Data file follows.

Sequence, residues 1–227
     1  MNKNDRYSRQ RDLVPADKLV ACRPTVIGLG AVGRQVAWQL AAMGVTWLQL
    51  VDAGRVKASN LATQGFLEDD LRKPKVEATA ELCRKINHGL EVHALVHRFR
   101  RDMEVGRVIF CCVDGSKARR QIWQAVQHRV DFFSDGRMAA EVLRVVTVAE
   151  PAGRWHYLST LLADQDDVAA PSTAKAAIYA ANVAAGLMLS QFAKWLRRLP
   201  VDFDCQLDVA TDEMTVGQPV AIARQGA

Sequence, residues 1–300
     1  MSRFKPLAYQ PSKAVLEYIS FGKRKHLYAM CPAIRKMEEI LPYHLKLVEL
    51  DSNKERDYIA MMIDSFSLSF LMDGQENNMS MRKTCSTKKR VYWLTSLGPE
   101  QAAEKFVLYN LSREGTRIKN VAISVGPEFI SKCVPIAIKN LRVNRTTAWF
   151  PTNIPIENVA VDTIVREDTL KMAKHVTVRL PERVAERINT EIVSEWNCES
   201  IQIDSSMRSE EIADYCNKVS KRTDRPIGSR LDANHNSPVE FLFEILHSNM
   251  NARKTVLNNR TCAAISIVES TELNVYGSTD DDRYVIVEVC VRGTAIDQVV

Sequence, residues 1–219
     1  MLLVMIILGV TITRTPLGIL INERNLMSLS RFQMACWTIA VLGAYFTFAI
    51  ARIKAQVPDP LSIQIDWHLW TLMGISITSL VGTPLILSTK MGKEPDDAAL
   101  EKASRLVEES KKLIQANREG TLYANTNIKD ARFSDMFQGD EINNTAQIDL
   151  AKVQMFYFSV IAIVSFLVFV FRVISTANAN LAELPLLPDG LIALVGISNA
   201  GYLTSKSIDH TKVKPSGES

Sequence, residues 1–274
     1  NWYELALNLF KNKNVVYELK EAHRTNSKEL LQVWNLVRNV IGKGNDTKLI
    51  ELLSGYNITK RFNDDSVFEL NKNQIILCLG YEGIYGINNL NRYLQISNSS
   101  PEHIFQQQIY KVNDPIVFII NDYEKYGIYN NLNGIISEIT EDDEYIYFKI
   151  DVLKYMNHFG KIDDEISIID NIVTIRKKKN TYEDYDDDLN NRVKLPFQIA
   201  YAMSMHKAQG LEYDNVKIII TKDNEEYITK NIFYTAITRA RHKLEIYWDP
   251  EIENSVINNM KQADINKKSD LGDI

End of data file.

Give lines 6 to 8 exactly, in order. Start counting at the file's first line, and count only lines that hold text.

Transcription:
   201  VDFDCQLDVA TDEMTVGQPV AIARQGA

Sequence, residues 1–300
     1  MSRFKPLAYQ PSKAVLEYIS FGKRKHLYAM CPAIRKMEEI LPYHLKLVEL